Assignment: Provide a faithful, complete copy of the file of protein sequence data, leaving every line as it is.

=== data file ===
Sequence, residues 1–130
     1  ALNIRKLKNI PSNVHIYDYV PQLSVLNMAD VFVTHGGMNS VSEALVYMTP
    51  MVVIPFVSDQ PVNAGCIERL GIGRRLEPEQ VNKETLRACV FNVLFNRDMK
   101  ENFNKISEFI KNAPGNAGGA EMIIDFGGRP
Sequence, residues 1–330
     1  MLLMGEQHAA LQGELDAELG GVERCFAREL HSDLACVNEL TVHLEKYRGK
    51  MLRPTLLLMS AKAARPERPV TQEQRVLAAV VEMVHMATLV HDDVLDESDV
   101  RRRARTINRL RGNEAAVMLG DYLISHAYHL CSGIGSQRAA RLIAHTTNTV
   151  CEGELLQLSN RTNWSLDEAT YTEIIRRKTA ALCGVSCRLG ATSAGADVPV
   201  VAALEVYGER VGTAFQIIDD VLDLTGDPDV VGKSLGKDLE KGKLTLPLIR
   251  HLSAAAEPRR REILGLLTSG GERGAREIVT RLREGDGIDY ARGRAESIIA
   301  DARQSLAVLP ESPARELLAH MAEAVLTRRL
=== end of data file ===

Sequence, residues 1–130
     1  ALNIRKLKNI PSNVHIYDYV PQLSVLNMAD VFVTHGGMNS VSEALVYMTP
    51  MVVIPFVSDQ PVNAGCIERL GIGRRLEPEQ VNKETLRACV FNVLFNRDMK
   101  ENFNKISEFI KNAPGNAGGA EMIIDFGGRP
Sequence, residues 1–330
     1  MLLMGEQHAA LQGELDAELG GVERCFAREL HSDLACVNEL TVHLEKYRGK
    51  MLRPTLLLMS AKAARPERPV TQEQRVLAAV VEMVHMATLV HDDVLDESDV
   101  RRRARTINRL RGNEAAVMLG DYLISHAYHL CSGIGSQRAA RLIAHTTNTV
   151  CEGELLQLSN RTNWSLDEAT YTEIIRRKTA ALCGVSCRLG ATSAGADVPV
   201  VAALEVYGER VGTAFQIIDD VLDLTGDPDV VGKSLGKDLE KGKLTLPLIR
   251  HLSAAAEPRR REILGLLTSG GERGAREIVT RLREGDGIDY ARGRAESIIA
   301  DARQSLAVLP ESPARELLAH MAEAVLTRRL